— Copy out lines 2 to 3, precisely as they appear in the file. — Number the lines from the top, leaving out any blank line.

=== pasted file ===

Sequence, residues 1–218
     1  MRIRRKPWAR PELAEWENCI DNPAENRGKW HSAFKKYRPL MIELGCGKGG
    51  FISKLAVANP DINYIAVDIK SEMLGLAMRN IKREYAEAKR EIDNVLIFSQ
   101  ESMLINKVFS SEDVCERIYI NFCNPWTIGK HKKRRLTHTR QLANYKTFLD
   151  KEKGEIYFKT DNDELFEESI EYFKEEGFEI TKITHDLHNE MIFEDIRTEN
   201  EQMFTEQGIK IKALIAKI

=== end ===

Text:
     1  MRIRRKPWAR PELAEWENCI DNPAENRGKW HSAFKKYRPL MIELGCGKGG
    51  FISKLAVANP DINYIAVDIK SEMLGLAMRN IKREYAEAKR EIDNVLIFSQ